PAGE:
Monthly Archives: December 2014
Jotwell is taking a short winter break. Posting will resume Monday, January 5, 2015.
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Ori J. Herstein, How Tort Law Empowers
, 64 U. Toronto L.J.
___ (2014) (forthcoming), available at SSRN
Ori Herstein’s How Tort Law Empowers takes on the question of whether and how tort law empowers victims. Herstein presents himself as a friendly critic of civil recourse theory, and offers an amendment that he claims makes the theory both more plausible and less interesting. Like many friendly amendments, it is an offer that must be carefully examined before it is accepted.
Herstein begins by noting that one of the most important and interesting contributions by civil recourse theory is the idea that tort law empowers tort victims. This contribution comes from the work of John Goldberg and Ben Zipursky, and has been embraced by others as well, either within tort law or in other parts of private law, such as contract theory (see, for example, the work of Nate Oman and Andrew Gold). Continue reading "Does Tort Law Empower?"
Nick Robinson, When Lawyers Don’t Get All the Profits: Non-Lawyer Ownership of Legal Services, Access, and Professionalism
(Harv. Law Sch. Prog. Legal Prof., Research Paper No. 2014-20), available at SSRN
To what extent lawyers should control their own profession, determine its rules, and be the arbiters of who should deliver legal services is a question that is increasingly subject to intense scrutiny. More jurisdictions are considering whether to follow the leads of Australia and England and Wales in liberalizing their legal professions. Canada, for example, is one of the most recent.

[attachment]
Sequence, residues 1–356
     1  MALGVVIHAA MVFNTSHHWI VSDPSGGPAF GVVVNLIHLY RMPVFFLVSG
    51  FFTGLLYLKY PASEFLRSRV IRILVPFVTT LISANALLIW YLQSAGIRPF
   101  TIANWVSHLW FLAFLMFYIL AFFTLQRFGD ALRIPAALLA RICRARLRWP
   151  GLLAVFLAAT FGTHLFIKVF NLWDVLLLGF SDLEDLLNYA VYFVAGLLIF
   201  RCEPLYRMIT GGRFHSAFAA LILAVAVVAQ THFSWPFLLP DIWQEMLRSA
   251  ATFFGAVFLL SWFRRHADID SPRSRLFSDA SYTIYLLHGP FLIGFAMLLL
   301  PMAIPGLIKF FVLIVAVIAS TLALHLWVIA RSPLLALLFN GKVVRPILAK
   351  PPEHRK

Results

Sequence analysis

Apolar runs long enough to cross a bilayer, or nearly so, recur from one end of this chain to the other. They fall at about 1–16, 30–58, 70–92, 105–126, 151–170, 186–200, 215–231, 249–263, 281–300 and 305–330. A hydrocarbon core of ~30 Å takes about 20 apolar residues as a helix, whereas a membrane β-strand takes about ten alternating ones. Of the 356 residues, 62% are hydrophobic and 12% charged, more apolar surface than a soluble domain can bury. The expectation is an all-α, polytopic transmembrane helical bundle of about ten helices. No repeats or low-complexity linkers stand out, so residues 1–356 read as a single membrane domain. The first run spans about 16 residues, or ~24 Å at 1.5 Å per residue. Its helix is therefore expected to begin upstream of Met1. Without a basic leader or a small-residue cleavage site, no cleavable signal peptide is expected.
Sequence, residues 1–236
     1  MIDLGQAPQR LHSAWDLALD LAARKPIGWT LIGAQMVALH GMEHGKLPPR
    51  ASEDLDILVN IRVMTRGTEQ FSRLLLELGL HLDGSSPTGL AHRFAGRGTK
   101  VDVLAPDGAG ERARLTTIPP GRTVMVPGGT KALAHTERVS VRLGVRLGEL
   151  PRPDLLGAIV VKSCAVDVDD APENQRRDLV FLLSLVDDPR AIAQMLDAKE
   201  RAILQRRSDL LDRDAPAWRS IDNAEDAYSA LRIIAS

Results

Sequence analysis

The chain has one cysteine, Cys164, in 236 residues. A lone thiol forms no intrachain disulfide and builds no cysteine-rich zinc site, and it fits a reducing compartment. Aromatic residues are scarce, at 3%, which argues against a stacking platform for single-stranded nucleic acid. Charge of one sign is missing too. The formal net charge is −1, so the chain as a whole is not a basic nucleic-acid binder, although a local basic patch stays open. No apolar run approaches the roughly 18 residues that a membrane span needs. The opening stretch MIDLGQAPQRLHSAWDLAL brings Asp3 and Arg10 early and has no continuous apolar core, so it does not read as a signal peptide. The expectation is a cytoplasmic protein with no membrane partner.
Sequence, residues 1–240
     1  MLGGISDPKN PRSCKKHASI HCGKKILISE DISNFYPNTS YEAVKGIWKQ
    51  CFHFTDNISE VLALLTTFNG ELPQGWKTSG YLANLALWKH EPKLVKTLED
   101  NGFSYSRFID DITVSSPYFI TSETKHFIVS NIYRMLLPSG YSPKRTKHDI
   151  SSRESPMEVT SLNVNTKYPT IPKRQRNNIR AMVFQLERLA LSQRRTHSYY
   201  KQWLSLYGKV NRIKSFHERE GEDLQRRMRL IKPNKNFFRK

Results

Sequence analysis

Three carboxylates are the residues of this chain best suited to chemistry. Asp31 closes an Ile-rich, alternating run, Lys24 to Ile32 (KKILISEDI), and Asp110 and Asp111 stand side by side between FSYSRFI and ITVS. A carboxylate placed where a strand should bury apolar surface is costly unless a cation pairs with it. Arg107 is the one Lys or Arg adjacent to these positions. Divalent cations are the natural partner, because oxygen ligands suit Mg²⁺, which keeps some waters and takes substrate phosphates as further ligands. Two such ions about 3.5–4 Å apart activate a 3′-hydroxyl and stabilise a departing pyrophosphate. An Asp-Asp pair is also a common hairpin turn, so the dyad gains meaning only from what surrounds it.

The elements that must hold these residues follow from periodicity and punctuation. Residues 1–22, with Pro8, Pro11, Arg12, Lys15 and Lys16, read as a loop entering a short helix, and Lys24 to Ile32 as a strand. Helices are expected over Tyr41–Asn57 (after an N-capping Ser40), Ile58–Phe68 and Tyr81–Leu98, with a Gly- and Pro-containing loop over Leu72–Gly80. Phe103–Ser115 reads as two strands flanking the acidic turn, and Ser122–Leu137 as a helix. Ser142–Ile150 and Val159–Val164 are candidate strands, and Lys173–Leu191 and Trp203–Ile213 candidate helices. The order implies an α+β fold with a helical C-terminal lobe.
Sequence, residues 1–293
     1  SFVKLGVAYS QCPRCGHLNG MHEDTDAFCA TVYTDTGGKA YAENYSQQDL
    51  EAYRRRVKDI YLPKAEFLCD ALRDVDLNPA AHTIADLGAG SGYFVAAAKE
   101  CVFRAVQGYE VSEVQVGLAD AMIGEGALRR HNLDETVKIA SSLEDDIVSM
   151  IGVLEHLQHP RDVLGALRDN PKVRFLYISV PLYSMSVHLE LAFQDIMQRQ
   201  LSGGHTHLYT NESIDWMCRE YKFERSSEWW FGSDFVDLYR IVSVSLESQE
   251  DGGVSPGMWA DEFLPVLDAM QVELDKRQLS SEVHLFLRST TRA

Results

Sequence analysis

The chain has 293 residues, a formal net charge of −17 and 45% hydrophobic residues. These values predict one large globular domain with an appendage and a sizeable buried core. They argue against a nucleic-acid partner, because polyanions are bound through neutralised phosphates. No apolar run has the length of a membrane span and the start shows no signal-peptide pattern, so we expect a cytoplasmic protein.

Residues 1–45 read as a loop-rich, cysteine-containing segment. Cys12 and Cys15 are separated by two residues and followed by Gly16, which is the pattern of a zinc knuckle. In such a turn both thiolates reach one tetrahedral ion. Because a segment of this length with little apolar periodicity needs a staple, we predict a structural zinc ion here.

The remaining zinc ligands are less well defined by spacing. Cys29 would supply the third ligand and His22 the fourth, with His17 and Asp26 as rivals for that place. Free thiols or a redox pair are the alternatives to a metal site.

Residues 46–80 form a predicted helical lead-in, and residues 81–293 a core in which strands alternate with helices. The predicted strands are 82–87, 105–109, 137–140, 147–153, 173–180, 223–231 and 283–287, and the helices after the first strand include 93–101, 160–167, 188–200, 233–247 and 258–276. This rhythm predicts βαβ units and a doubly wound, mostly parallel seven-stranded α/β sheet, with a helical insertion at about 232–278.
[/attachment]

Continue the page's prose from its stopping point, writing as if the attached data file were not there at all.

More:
The American legal profession expresses significant concern about non-lawyer ownership of law firms. Both the American Bar Association and the New York State Bar Association have dealt with the issue and will probably continue so to do. Continue reading "The Relevance of Professionalism in a Post-Legal Services Act World"
In a recent essay, Custom and the Rule of Law in the Administration of the Income Tax, Larry Zelenak examines what he calls “customary deviations,” or “established practice[s] of the tax administrators . . . that deviat[e] from the clear dictates of the Internal Revenue Code.” Even though the IRS makes decisions every day about when not to enforce the tax law, tax scholarship does not typically examine this phenomenon systematically. By focusing on an aspect of IRS nonenforcement, Zelenak shines a much needed light on the topic. The essay, and the topic generally, should garner the attention of tax scholars, as well as scholars of enforcement discretion more generally.